making every possible preparation
for starting the $4,500,000,000 spend-
ing and lending campaign.
Ickes Ready To Go
Wednesday, the President approv-
ed slum clearance projects totaling
$40,000,000 and Thursday Secretary
Ickes advised states and municlpal-
POR SALE, TRADE OR RENT—
'66 Hotel. Also $800 equity in irri-
gated farm near San Antonio. See
H. C. Bailey, 405 N. Madden.
jhe. oocUJL (m&fu ejjMmco
Hotel Reform* is the uftimete h modem
beauty, luxury and ipleedor - »|
architectural triumph incorporettef the
newest stream-lined equipment and
operating methods of the day The (heat
hotel in the moat glamorous resort city
an the continent... American operated ^
American and Mexican food...Rates
condderabiy lower than for comparable
accommodations In the United States.
to those on the train, but simply as
a means of getting acquainted with
business men and just ordinary
folks of the towns visited.
This Certificate when properly signed and accompanied
by ten (10c» cents cash will be redeemed at our office for
Packet No. 2 in the new TESTED RECIPES series, and-
will also reserve for the undersigned one ART METAL
RECIPE FILING 8YSTEM complete with Indexes.
(Continued from Page One)
A movement Is under way to en-
act legislation to set up a state po-
lice patrol system in Georgia.
was Childress, where they were
scheduled to be luncheon guests.
The trippers were breakfast guests
this morning of the chamber of
commerce at Pampa and were tak-
en an a tour of the oil and gas fields
of Gray county.
The Port Worth tour, which took
in portions of West Texas and East-
ern New Mexico, was not organized
as a “ballyhoo” excursion, according
I SHAMROCK FLORAL CO.
} Fresh Out Flowers Daily
E Corsages — Floral Designs
1 Fine Pot Plants at Reasonable
I Phone 340 Phone 340
W. L ANTRIM, Managing Director
By VINCENT HAMLIN
CTAUNCH patriot, Thomas Jef-
ferson first Incorporated the
ideal of colonial freedom In a
daring document he wrote in 1774,
“A Summary View of the Rights
of British America.” The Crown
replied, naming him in a bill to
punish sedition, but it was too
late—the pamphlet had spelled
So Jefferson was chosen next tc
draft the colonies’ formal answei
to Britain’s “conciliatory proposi-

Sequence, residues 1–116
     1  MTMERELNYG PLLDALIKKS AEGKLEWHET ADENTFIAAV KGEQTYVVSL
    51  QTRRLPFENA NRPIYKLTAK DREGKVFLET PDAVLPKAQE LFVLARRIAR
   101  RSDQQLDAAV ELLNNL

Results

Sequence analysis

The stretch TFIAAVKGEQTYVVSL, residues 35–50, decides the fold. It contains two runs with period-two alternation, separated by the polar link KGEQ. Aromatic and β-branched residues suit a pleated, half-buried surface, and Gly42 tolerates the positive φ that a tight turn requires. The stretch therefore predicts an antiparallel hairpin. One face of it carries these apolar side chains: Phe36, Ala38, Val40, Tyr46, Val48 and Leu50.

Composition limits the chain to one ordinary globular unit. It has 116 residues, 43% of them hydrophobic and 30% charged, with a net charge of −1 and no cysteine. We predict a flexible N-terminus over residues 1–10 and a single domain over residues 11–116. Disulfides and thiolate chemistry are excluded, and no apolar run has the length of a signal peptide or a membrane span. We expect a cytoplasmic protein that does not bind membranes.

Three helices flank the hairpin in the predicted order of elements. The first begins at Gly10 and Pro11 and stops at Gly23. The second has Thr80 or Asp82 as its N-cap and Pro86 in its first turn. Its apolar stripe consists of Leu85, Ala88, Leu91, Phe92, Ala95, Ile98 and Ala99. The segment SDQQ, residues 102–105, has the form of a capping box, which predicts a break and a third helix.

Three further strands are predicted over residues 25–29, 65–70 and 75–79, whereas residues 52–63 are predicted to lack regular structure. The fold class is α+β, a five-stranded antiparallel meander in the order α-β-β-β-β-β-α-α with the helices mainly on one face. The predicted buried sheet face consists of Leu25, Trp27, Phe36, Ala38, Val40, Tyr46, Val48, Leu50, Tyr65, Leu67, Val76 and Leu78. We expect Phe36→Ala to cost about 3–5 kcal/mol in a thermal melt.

tions.” But in the winter of 1775-
76 it became increasingly plain
there could be no conciliation. Ir.
June the Continental Congress
considered a resolution to break
With England and soon after Jef-
ferson was chosen to write a re-
port embodying the spirit of the
That report, formally adopted
July 4, 1776, was the Declaration
of Independence. It was adopted
Substantially as written by Jeffer-
son, except for two verbal changes
Suggested by Franklin and Adams
Author of the Declaration, Jeffer-
•on if shown below on the 5-cent
buff and brown stamp of 1861, re-
produced slightly more than one
find one-half times actual size.
<Copyright, ms, NBA Service, Inc.,
NEXT PWt CONTINUED UNSETTLED, WITH RAINY
JYl DUWNO- BUT
' OH, LOOK— ^
jCOMlN' DOWN TH1
/golly, How'ee\Ohie thing
we GONNA GIT ) THAT'S TO
FOOD * s-----/ BE DONE.
„ / IP WE \ V)E NEED
IrfSTAY HERE,) A BAFT,
K \ WE'LL J SO WE'LL
•/' owe/ ^
HEY, LOOKIT ALLTH’
\ WATER' TH’ WHOLE
’) PLACE IS ^--
GOOD THING )
FEB- US WE Y
CAME UP HERE |
ON THIS CLIFF/
LAS' NIGHT.' J§
1 ON THE DISTANT RIDGE
WITH OOOLA AND HER ARMY
i. heo. u. a. pa?To
■A. UJ3U BY NSA S£J
coca, lima by ni
By RAY THOMPSON and CHARLES COLL
MYRA NORTH, SPUECIAL NURSE
FEW MOMENTS LATER,THE SLEEPY
STREETS ECHO TO THE AMBU'
THAT3 WHY I MUST fg
GET TO A LABORATORY, ^
DR. GERSON/I SUSPECT
THAT THIS-CURSE” OF y
BLACK. LUKE'S HAS A Jg
BAS IS ! jff!
THIS IS DR. ^
AH, YES-GOOD OF \
YOU TO COME,MISS 1
NORTH ...BUT I'VE A
DECIDED TO TAKE MR.
rt WILSON OVER TO r
DO you MIND IF 1 >
RIDE OVER TO THE
THERE ARE A FEW <
THINGS I'VE GOT TO
FIND OUT j— —‘
NO... BUT WEL..J,
HURRY- HE SHOIJ1..’
BE IN AN OXYGEN
J WHY, 11
f\f'S EXTRAORDIN- \ S
ARY, MISS NORTH. Mm
THE SHERIFF IS A
RUGGED MAN,YET THIS A
IS A TYPE-3 CASE -THE J.
MOST VIRULENT i-1—
(GERM!j—/.-■ " ^
BY NEA ttRViCF. IHC. T, M. M0- U. ft. PAT. Oft.
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Bones, Percy. The Shamrock Texan (Shamrock, Tex.), Vol. 34, No. 295, Ed. 1 Friday, April 22, 1938, newspaper, April 22, 1938; Shamrock, Texas. (texashistory.unt.edu/ark:/67531/metapth525607/m1/2/: accessed May 22, 2018), University of North Texas Libraries, The Portal to Texas History, texashistory.unt.edu; crediting Shamrock Public Library.